There may be times when it's necessary to disclose
information that we've learned from a patient.
So there are 2 times when this might happen.
There is an implied consent and express consent.
So, we generally assume that a patient, you know, understands that sharing of
information within the healthcare team is going to provide them the best care possible.
So, multiple people might need to take care of them,
sharing that information is to their benefit.
And we don't necessarily directly ask the patient for consent to that.
It's implied and patients understand that.
And when it's anonymized information
maybe for a clinical audit.
So, as I've mentioned, the hospitals might
need to do quality improvement projects,
they want to see how they're
doing in delivering their care.
If it's de-identified or anonymized, you take out the particulars
of the patient information but have all their clinical data,
that is also, you know, assumed to be implied consent.
Patients would be agreeable to that.
Expressed consent is necessary, you know, actually
getting the patient's permission in 3 main instances.
So, disclosure to the 3rd party.
So, the patient usually requires, you
know, signature on a form that's saying
"Yes, you can disclose this to the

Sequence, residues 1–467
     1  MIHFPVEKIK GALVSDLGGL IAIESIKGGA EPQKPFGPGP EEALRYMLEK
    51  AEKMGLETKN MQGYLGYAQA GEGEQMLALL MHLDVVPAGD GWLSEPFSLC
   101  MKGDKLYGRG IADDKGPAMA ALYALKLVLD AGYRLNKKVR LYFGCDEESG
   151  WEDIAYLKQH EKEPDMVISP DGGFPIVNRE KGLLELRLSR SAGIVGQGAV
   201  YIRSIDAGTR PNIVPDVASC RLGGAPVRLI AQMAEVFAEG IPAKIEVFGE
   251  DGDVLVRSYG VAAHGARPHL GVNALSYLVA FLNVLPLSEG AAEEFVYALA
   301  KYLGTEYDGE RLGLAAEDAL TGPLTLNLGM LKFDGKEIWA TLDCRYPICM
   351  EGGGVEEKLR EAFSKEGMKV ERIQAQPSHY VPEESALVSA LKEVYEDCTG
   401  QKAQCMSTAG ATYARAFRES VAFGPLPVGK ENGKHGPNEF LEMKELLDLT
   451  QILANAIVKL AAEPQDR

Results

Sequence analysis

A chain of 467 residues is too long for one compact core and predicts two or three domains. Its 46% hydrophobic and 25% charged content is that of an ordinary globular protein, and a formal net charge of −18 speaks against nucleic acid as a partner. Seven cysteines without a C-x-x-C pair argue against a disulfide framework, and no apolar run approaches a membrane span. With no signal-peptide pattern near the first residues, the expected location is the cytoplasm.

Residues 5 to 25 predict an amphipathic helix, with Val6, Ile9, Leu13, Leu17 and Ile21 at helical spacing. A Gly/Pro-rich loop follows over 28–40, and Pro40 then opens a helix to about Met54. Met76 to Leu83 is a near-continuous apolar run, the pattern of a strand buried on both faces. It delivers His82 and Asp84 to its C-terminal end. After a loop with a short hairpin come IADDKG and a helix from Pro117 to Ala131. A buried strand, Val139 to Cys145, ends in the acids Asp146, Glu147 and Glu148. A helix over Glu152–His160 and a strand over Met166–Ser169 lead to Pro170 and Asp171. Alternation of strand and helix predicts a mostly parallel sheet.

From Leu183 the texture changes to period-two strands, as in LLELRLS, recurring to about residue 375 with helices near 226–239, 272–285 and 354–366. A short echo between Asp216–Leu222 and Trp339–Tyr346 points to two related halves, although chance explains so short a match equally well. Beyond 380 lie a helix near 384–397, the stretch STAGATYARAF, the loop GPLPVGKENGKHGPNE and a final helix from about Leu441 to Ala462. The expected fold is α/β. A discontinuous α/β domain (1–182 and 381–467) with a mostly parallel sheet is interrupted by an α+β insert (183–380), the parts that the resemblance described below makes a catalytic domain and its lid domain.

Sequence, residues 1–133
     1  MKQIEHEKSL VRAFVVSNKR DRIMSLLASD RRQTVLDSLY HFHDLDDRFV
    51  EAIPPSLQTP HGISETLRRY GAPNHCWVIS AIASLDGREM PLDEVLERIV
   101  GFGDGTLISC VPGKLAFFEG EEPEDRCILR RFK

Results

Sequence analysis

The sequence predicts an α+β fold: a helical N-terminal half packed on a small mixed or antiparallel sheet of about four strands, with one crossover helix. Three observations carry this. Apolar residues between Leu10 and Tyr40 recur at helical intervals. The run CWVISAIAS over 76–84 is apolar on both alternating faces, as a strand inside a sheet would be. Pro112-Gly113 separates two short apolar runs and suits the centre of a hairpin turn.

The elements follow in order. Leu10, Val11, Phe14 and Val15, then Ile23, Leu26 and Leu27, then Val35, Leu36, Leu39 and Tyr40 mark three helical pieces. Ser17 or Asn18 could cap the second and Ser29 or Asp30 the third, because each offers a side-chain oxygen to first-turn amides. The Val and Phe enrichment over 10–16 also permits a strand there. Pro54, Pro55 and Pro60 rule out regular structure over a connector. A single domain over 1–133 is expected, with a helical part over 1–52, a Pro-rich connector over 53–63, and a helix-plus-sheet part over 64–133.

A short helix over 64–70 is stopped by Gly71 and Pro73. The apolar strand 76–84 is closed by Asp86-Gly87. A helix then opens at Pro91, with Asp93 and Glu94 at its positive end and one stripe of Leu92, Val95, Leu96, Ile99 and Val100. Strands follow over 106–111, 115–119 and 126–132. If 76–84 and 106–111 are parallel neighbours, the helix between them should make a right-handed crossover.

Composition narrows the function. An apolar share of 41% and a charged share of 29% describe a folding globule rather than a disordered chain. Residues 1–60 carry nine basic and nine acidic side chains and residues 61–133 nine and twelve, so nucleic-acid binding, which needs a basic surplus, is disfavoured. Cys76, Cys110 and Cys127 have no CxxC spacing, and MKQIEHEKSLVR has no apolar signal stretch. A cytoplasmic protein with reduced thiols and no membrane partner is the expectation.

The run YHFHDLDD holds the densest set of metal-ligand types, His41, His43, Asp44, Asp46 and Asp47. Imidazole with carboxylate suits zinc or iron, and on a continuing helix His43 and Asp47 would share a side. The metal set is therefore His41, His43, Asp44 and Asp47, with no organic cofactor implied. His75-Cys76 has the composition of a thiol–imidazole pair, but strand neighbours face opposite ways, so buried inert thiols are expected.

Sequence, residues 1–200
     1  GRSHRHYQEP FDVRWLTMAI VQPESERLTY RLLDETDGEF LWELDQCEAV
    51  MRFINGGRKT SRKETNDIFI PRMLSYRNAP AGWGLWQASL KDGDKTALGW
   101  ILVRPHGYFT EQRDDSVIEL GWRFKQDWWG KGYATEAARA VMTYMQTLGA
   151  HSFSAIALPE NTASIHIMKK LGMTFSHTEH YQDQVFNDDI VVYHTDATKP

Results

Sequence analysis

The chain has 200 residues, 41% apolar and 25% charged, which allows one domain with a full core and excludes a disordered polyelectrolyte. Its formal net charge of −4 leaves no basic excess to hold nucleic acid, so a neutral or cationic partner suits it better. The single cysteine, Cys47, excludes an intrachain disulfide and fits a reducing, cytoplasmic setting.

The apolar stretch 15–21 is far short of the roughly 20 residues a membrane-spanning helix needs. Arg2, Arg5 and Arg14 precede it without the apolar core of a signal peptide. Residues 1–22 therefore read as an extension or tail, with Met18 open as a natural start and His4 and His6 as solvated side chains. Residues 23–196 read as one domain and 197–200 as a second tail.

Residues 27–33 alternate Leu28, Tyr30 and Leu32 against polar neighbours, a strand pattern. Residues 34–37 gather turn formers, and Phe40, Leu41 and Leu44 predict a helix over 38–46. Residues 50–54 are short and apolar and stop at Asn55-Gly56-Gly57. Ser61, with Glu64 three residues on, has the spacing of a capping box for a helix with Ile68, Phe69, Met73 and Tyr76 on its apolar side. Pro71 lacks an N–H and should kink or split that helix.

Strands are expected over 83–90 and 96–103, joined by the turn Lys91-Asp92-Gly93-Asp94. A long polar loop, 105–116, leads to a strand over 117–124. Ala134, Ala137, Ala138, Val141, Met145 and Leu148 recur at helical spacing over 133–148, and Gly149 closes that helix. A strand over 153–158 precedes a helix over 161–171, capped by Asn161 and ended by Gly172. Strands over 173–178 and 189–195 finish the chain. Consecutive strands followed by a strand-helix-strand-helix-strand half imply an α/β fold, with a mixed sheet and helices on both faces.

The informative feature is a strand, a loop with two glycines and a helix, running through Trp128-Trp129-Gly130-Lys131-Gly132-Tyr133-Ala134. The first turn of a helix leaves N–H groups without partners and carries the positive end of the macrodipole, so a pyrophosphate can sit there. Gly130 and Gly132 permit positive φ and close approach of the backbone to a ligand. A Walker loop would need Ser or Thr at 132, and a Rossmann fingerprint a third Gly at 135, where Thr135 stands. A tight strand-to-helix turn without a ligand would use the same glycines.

insurance company for billing purposes."
If it's released for clinical audit
and it has identifiable information.
So again maybe something like
risk management at a hospital,
they need to investigate if a medical error has
occurred, they need the particulars of the case.
There, you might need to get the patient's permission to release that for
the clinical audit or for billing purposes would be the other example.
And then, release of identifiable
information for clinical research.
We'll have another lecture, you know, on clinical research
in general but generally we want to get informed consent
when we're performing clinical research especially
on identifiable information about a patient,
so getting their permission
as a research participant.
Let's talk a little bit
more about implied consent.
So as I said, medicine nowadays is team-based and it's
crucial for patient safety as well as continuity of care
that the other team members
have access to information.
It should be understood that the information is being disclosed for
the patient's benefit for these other healthcare professionals
to deliver the care that they need to do to
fulfill their roles and responsibilities.
But it really should be
on a right-to-know basis.
The patients may ask "Well, I don't want certain
information to be disclosed to another team member."
They have to right to withhold
certain amounts of information.
The only exception to this would be if the
withholding of information, if that non-disclosure
would actually place others at
risk of death or serious harm.
So, let's say it's a patient with a contagious disease and,
you know, they're diagnosed with tuberculosis and they say
"Well, you know I don't want this
shared with other members of the team."